With some similarities to Spam, scrapple isn’t for everyone, but there are plenty of people who regularly enjoy it for breakfast hot off the grill. If you’re looking for somewhere to try it, we recommend Dutch Eating Place in Reading Terminal Market. It doesn’t get more authentic.


Wawa Italian hoagie sandwich with cold cuts, lettuce, and tomato on a Wawa wrapper
The iconic Italian hoagie from Wawa

Hoagies are a Pennsylvania classic. The sandwich comes on a long bread roll piled high with cheese, meat, and vegetables. It originated from Italian immigrants at the Hog Island shipyard during World War I, earning it the nickname of “hoggie,” which later became “hoagie.”

The rolls are usually at least six inches in length and served cold. Because it originated from Italian immigrants, many of the ingredients tend to be Italian.

Whoopie Pie

One of the best loved sweets in Pennsylvania Dutch Country, whoopie pie is a traditional Amish food. It is typically two pillowy chocolate cookies sandwiching a sweet, creamy filling. According to Amish legend, children would exclaim, “whoopie!” when they got one of the cakey creations for lunch, thus giving it its exuberant name.

Whoopie pies are widely available around Pennsylvania. They’re especially easy to find around Lancaster thanks to the Amish presence, but many bakeries also carry them, sometimes with different flavors of cookies and filling.

Chipped Chopped Ham

Chipped chopped ham is a staple of western Pennsylvania. It starts off as a loaf of ham made of ham chunks, trimmings, and seasonings that are ground together and molded into a loaf. Using a meat slicer or chipper, the chopped ham loaf is sliced super thin to give it a fine texture often called “Pittsburgh-style.” For the classic, Isaly’s brand is the way to go.

Water Ice

Cup of water ice
Water ice: shaved ice in the ubiquitous paper cup

Water ice is a Philly mainstay. Typically available from March 1 through late October, this refreshing fruity snack is similar to sorbet or granita, but if you call it anything other than “water ice,” you will instantly brand yourself as an outsider.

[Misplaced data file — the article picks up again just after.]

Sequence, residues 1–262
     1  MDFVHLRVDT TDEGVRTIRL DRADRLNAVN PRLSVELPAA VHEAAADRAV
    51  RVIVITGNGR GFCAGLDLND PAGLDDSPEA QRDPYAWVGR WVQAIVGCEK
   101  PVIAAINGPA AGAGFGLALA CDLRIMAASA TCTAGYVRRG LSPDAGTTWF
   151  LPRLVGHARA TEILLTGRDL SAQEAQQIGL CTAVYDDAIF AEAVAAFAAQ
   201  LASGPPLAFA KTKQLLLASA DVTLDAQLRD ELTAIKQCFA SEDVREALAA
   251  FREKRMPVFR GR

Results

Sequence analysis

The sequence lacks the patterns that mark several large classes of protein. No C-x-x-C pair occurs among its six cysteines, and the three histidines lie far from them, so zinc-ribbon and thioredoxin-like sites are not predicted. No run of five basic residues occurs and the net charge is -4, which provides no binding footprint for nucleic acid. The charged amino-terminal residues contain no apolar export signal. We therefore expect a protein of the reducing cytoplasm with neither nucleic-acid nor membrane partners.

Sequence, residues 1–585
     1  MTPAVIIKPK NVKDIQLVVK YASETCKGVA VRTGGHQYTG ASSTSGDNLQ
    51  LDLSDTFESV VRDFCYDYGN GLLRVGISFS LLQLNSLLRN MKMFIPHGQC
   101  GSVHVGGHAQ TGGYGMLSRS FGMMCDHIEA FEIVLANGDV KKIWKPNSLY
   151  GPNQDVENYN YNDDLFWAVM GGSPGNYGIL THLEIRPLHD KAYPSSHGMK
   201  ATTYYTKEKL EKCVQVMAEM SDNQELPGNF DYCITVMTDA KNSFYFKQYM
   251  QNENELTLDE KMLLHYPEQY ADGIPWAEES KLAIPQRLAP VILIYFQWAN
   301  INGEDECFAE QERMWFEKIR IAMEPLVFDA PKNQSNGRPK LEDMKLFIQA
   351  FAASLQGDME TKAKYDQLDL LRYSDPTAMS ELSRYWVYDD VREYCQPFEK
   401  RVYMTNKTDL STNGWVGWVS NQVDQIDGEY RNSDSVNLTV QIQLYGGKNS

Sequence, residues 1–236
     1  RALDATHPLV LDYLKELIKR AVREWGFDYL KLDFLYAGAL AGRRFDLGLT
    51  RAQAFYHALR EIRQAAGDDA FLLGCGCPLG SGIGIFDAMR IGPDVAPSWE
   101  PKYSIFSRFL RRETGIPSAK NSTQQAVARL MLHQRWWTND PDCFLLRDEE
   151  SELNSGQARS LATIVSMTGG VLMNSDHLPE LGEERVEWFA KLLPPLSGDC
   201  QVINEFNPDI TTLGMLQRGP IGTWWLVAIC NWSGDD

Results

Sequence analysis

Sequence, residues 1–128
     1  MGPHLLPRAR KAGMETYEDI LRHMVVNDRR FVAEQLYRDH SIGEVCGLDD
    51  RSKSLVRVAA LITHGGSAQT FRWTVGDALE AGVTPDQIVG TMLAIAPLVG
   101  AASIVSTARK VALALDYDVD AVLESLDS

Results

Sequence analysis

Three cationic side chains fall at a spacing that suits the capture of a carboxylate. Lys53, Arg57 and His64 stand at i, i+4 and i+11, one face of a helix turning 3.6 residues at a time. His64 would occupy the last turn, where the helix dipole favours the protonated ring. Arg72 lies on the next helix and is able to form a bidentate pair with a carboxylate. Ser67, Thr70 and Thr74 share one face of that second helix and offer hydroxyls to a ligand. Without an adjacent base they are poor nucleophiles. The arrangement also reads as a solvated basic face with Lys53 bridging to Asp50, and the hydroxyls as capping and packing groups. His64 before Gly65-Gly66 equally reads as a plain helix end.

The frozen dessert is made of water, sugar, and juice or puree. The best ones also include small pieces of fruit and stay away from extra flavorings. If something can be both firm and soft at the same time, that is the texture of water ice.

The broad presence of Rita’s Water Ice locations means it’s easy to find, but Philly purists will let you know that the best places for water ice are usually considered to be classics like John’s and Pop’s in South Philly.

Herr’s Chips

Herr’s chips is a brand of potato chips based in Chester County. For over 75 years the family business has supplied some of the best chips around to delis, grocery stores, and more. Whether kettle chips, barbecue, or classic sour cream and onion is your style, Herr’s has you covered. There are dozens of potato chip flavors as well as pretzels, popcorn, and cheese puffs.

Herr’s is well-known for its regular contest in which they make chips that echo flavors found in popular Philly dishes like roast pork and tomato pie. People are encouraged to try all the new, creative flavors and to vote for their favorites.

Birch Beer

Birch beer is a sweetened carbonated soft drink made from the sap of birch trees. While it sounds a little unusual, the flavor is similar to root beer with notes like vanilla, wintergreen, and licorice. You may find it in red, brown, and clear versions.

Mushroom Strudel

Roughly half of the mushrooms in the US come from Chester County, hence the famous Kennett Square Mushroom Festival held every September. As a result, it’s no surprise that mushroom dishes like mushroom strudel are popular.

Similar in appearance to classic Austrian dessert strudel, mushroom strudel frequently includes sliced button and shiitake mushrooms. They can be sautéed with garlic and butter or combined with other delicious add-ins like ham and cheese. The filling gets wrapped in phyllo pastry before being baked to a golden brown and sliced.

Irish Potato Candy

Three Irish potato candies and a box from Shane Confectionary
Irish potato candy looks like a mini potato

In eastern PA, the spring means Irish potato candy season. These tasty little treats are sold in the weeks leading up to Easter and are an annual tradition. And, no, they aren’t actual potatoes.

These seasonal Irish potato confections are made from butter and powdered sugar plus cream cheese, sweetened coconut flakes, and vanilla extract. Once everything is combined, they are shaped into mini potatoes and rolled in ground cinnamon to complete the look. Given the dairy, these need to refrigerated…and consumed quickly, which usually isn’t a problem.

These treats are eaten almost exclusively in the eastern part of Pennsylvania. If you keep a lookout in the spring, you’ll often find lots of riffs on the traditional candy, including Irish potato flavored cookies from Insomnia Cookies and even ice cream.

Burnt Almond Torte

Burnt almond torte is a delicious and unique cake typically baked in a square shape and made with almonds, brown sugar, eggs, flour, cornstarch, and whipping cream. It is usually filled with pastry cream and covered with sugared almonds. Burnt almond torte was first created by Henry Prantl at Prantl’s Bakery in Pittsburgh, and it has been the bakery’s signature for over 50 years.